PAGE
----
verb (used with object), shoved, shov·ing.
verb (used without object), shoved, shov·ing.
- to push a boat from the shore.
- Informal.to go away; depart: I think I'll be shoving off now.
Origin of shove1
verb (used with object), stuck, stick·ing.
verb (used without object), stuck, stick·ing.
Origin of stick2
Synonyms for stick
Word Origin for shove
- any long thin piece of wood
- such a piece of wood having a characteristic shape for a special purposea walking stick; a hockey stick
- a baton, wand, staff, or rod
- a group of bombs arranged to fall at intervals across a target
- a number of paratroops jumping in sequence
- verbal abuse, criticismI got some stick for that blunder
- physical power, force (esp in the phrase give it some stick)
verb sticks, sticking or sticked
Word Origin for stick
verb sticks, sticking or stuck
Word Origin for stick
Old English sticca "rod, twig, spoon," from Proto-Germanic *stikkon- "pierce, prick" (cf. Old Norse stik, Old High German stehho, German Stecken "stick, staff"), from PIE *steig- "to stick; pointed" (see stick (v.)). Meaning "staff used in a game" is from 1670s (originally billiards); meaning "manual gearshift lever" first recorded 1914. Stick-ball is attested from 1824. Alliterative connection of sticks and stones is recorded from mid-15c.
Old English stician "to pierce, stab," also "to remain embedded, be fastened," from Proto-Germanic *stik- "pierce, prick, be sharp" (cf. Old Saxon stekan, Old Frisian steka, Dutch stecken, Old High German stehhan, German stechen "to stab, prick"), from PIE *steig- (cf. Latin in-stigare "to goad;" Greek stizein "to prick, puncture," stigma "mark made by a pointed instrument;" Old Persian tigra- "sharp, pointed;" Avestan tighri- "arrow;" Lithuanian stingu "to remain in place;" Russian stegati "to quilt").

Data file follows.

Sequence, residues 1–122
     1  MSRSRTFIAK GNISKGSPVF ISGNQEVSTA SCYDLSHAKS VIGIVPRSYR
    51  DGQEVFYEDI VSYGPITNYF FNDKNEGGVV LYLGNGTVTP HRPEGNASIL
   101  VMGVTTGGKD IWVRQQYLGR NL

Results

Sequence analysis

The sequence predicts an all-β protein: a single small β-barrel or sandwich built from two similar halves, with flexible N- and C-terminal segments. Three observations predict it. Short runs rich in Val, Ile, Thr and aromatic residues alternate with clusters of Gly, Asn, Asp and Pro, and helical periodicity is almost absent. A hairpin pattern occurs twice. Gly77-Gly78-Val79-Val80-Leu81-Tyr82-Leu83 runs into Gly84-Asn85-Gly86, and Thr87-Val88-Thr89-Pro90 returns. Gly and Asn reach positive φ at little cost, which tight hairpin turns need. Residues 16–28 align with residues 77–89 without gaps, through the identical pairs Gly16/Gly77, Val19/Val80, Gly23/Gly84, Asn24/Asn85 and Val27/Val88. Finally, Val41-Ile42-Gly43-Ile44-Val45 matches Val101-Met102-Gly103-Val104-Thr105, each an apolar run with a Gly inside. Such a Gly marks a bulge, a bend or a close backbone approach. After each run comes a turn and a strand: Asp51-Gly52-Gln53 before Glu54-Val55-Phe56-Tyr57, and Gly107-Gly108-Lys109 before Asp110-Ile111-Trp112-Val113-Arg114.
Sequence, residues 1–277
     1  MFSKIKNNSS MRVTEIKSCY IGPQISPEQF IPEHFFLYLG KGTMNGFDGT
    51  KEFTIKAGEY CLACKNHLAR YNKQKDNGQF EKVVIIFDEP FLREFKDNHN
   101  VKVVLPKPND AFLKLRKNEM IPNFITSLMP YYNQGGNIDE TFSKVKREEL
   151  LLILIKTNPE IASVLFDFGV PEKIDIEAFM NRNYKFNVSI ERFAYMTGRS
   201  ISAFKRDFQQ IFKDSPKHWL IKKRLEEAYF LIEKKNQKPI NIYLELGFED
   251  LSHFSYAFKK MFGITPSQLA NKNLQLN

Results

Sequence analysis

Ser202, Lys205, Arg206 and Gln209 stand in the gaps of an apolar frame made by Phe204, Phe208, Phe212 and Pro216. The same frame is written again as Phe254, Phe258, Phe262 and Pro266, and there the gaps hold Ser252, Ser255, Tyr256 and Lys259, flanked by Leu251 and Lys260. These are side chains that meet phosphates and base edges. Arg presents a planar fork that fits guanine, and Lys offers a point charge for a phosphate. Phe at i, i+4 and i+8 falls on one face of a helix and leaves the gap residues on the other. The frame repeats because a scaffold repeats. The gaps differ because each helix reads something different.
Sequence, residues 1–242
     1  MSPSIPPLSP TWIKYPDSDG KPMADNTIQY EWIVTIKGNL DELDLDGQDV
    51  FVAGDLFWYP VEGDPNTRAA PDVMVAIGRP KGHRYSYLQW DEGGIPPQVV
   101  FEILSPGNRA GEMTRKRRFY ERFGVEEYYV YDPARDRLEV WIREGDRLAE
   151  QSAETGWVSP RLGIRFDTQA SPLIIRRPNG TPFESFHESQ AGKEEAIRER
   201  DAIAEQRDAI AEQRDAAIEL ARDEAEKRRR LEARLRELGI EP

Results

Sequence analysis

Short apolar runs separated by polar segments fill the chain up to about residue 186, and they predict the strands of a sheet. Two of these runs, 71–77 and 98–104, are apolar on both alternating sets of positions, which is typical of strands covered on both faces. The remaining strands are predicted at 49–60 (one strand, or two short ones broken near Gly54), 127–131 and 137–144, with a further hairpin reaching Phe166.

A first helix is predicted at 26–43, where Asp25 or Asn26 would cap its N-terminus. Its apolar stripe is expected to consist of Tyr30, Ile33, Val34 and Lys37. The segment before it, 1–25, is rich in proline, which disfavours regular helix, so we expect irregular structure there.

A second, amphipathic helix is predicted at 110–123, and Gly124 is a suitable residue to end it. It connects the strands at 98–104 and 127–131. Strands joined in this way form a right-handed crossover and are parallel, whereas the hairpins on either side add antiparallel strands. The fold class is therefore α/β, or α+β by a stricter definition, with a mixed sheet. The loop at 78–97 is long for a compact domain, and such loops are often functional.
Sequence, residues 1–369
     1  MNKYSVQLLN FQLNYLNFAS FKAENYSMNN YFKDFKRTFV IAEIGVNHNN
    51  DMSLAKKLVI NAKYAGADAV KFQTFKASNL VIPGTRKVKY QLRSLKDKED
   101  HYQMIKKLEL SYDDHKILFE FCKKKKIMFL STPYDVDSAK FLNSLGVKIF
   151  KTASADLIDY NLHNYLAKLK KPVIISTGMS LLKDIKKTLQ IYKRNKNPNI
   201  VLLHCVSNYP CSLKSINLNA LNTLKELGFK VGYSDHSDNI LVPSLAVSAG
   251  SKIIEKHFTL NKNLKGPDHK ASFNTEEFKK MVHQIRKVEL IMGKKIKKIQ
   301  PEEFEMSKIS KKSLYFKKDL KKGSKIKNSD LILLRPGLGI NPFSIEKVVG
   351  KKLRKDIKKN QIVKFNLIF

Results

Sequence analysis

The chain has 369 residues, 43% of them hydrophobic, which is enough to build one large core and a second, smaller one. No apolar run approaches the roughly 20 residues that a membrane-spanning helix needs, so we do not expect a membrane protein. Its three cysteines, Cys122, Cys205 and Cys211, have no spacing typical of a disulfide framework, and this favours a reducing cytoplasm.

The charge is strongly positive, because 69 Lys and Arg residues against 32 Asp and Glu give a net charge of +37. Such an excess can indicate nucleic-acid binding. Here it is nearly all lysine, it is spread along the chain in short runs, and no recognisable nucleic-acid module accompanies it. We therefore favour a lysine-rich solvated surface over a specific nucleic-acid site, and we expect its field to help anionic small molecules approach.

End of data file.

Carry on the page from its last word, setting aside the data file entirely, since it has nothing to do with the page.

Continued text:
Figurative sense of "to remain permanently in mind" is attested from c.1300. Transitive sense of "to fasten (something) in place" is attested from late 13c. Stick out "project" is recorded from 1560s. Slang stick around "remain" is from 1912; stick it as a rude bit of advice is first recorded 1922.
Old English scufan "push away, thrust, push with violence" (class II strong verb; past tense sceaf, past participle scoven), from Proto-Germanic *skeub-, *skub- (cf. Old Norse skufa, Old Frisian skuva, Dutch schuiven, Old High German scioban, German schieben "to push, thrust," Gothic af-skiuban), from PIE root *skeubh- "to shove" (cf. scuffle, shuffle, shovel; likely cognates outside Germanic include Lithuanian skubti "to make haste," skubinti "to hasten"). Related: Shoved; shoving.
Replaced by push in all but colloquial and nautical usage. Shove off "leave" (1844) is from boating. Shove the queer (1859) was an old expression for "to counterfeit money." Shove it had an earlier sense of "depart" before it became a rude synonym for stick it (by 1941) with implied destination.
c.1300; see shove (v.).
Continue what one is doing, endure something to the end, as in I hate large parties but I promised her I'd stick it to the end. [Early 1900s] Also see stick out, def. 2.
Also, stick it or shove it up one's ass. Do whatever you like with it, I don't want it, as in Do that job all over again? Why don't you stick it?, or Tell the chef he can take this fish and shove it up his ass. This vulgar slangy idiom, which uses stick in the sense of “thrust inward or upward,” also functions as a variant of up yours. [Second half of 1800s]
see push comes to shove; push (shove) off; ram (shove) down someone's throat; stick (shove) it.
In addition to the idioms beginning with stick
- stick around
- stick at
- stick by
- stick in one's craw
- stick it
- stick it to someone
- stick one's neck out
- stick out
- stick to
- stick together
- stick to one's guns
- stick to one's last
- stick to the ribs
- stick up
- stick up for
- stick with
- sticky fingers
- carrot and stick
- get on the stick
- make stick
- more than one can shake a stick at
- short end of the stick
- stand (stick) up for
- wrong end of the stick
Also see understuck.